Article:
My red-haired model Marci wanted to be drawn as all the Marx Brothers. I said okay, but no Zeppo.
The Sorcerer's Apprentice was my first and last permanent sculpture, but I did dabble in modeling clay from time to time when I needed inspiration. Here are a couple of shots of a crude clay sculpture I made in preparation for an illustration for Alice's Adventures In Wonderland. I wanted to see the characters from different angles, and to observe how the shadows would fall upon the various objects. Then I rolled the whole thing up into a ball.
In 1994, the publisher of the Baton Rouge Advocate newspaper asked me to create a large outdoor display celebrating Christmas and the 100th anniversary of the Sunday color comics.
The finished display was 225 feet long and included wooden figures of dozens of famous comic strip characters (some of them eight feet high) interacting in a Christmas scene. An expert carpenter cut the figures out of ¾ inch plywood according to my designs, and I painted the cutouts using outdoor paints specially mixed to duplicate the pure, vivid colors of the funny papers. As I painted, I tried to accurately reproduce not only the design of the characters, but also the different brush and pen strokes characteristic of each artist.
We began this project without first obtaining permission from the various cartoon syndicates, knowing we wouldn’t get it. Midway through the project, the syndicates’ representatives were invited over; and all gave their blessing to the massive project, which I have described as my Sistine Ceiling.
Below is a rather poor, grainy photo of most of the display (unfortunately taken in daylight; at night the scene was enhanced with special lighting) and a couple of clearer photos of the figures prior to setup. To the right in photo 2 is yours truly, with less stomach and more hair than today.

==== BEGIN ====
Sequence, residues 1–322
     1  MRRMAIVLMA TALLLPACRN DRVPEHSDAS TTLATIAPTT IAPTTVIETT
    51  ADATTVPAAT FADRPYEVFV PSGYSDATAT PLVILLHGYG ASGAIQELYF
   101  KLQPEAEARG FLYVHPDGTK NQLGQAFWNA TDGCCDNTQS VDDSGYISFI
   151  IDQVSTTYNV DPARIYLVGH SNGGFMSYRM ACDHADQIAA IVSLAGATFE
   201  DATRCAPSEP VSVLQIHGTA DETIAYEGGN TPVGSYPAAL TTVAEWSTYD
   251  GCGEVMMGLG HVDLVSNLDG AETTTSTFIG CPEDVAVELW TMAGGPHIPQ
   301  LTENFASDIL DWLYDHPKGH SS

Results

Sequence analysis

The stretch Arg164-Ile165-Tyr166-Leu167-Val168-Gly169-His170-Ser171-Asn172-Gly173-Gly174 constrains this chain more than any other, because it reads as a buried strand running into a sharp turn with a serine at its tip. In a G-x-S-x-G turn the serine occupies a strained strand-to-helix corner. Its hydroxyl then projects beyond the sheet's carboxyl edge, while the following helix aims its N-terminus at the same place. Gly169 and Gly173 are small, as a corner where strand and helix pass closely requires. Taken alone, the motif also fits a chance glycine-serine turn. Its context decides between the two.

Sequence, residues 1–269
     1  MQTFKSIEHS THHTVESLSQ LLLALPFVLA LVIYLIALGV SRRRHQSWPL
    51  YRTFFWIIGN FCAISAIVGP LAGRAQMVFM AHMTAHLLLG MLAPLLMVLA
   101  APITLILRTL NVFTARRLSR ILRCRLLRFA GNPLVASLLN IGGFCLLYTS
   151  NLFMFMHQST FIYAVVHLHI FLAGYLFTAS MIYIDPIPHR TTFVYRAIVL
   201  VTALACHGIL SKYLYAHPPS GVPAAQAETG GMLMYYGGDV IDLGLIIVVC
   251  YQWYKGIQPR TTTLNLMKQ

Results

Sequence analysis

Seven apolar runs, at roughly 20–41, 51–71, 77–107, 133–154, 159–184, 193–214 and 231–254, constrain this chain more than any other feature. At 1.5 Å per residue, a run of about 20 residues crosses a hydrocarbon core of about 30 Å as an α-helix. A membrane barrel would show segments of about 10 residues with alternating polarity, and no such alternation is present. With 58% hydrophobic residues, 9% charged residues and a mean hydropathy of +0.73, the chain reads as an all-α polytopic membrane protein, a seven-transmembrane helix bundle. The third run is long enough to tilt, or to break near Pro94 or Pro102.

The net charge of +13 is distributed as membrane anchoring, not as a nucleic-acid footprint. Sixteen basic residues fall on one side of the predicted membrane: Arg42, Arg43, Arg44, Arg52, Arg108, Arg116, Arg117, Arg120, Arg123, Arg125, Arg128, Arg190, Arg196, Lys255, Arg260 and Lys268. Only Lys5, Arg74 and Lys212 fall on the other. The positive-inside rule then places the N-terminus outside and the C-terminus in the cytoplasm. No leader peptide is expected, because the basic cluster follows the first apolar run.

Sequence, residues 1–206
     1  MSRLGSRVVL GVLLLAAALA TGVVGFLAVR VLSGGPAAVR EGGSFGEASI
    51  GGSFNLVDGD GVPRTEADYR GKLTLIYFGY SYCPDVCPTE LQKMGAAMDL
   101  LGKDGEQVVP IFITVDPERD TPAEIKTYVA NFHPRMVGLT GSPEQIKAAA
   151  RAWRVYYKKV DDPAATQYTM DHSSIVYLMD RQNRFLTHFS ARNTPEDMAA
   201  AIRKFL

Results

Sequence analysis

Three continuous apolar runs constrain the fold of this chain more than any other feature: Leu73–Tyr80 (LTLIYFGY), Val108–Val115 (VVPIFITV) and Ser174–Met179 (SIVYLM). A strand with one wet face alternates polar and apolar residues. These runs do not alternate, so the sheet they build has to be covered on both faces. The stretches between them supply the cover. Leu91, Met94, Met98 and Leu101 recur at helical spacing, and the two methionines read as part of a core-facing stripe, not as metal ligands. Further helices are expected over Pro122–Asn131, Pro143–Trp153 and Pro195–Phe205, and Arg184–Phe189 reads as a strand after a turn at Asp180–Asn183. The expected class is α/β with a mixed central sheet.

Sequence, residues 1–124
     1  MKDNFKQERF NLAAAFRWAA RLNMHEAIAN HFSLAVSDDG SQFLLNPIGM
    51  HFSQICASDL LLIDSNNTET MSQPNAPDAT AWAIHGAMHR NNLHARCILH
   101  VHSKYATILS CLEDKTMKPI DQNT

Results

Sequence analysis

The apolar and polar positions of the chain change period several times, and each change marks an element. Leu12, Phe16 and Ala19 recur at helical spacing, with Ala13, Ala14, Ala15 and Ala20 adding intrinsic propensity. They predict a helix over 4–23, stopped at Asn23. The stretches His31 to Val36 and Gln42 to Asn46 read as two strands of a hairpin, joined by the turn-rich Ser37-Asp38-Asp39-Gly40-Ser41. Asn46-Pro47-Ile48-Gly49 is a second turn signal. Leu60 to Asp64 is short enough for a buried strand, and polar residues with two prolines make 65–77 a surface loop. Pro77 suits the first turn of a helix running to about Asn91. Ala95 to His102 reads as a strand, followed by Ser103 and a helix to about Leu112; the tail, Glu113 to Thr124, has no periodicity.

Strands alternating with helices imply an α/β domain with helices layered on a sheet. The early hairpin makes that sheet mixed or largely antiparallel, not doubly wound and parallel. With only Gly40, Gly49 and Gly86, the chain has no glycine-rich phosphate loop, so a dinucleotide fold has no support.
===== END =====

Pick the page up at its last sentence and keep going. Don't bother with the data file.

A good look at my spacious, modern workroom will give you an indication of the respect I have always been accorded as an artist.
Here are two newspaper illustrations, both pre-digital. The former (of which only the line art remains) was drawn on a poster-sized board over many days; the latter was painstakingly painted on acetate in the style of an animation cell. In the former, the usual spring activities are translated into the pagan rites of ancient Greece. Note that the iconic discus thrower prepares to throw a Frisbee to his dog as the spear-wielding Trojans invade, their chariots pulled by riding lawnmowers.
In the latter, the spires of the Emerald City are seen to be the spines of schoolbooks, and the Scarecrow (because of his brain and diploma) is directing Dorothy and Toto toward them.
A friend of mine signed up with the Muppets and tried to bring me aboard as an illustrator. But Jim Henson died, and the friend moved on because it was "no fun" to be there without him. All that remains of that effort is a stack of practice sketches, two of which are posted below. The drawings are accurate but uninspired. After a few more tries, I might have injected some life and personality into them, transforming them from puppets into "living" cartoon characters. But these things take time, and I didn't have it.
Here are some pirate sketches created as preliminary work for a children's book, written by me. I could tell you horror stories about attempting to publish a children's book in America's PC climate, in which all forms of genuine humor are regarded as hurtful and a literate style is condemned as a threat to the self-esteem of the lazy and ignorant. The NEA actually had a book of mine suppressed prior to publication because they were uncomfortable with its literary style, which featured too much "subtlety and sophistication." They moaned and complained and held their breath until the cowardly publisher changed his mind.
I am now interested only in art, which speaks only to the comprehending and is silent with the blind and clueless.
The Owl and the Pussycat. This one goes back to prehistoric times. I have since learned how to draw owl feet.
Here's a dust mite. Don't ask.
Every Louisiana artist is required to create at least one Mardi Gras poster, so here is mine.
Finally, here are some simple cartoon illustrations intended for use as clip art—though please don't borrow them from this website: Each contains an invisible application which, when introduced into your computer, will cause your hard drive to be reformatted to that of a Commodore 64, circa 1983. Why, you won't even be able to play Pac-Man.
There, now! Please go buy something.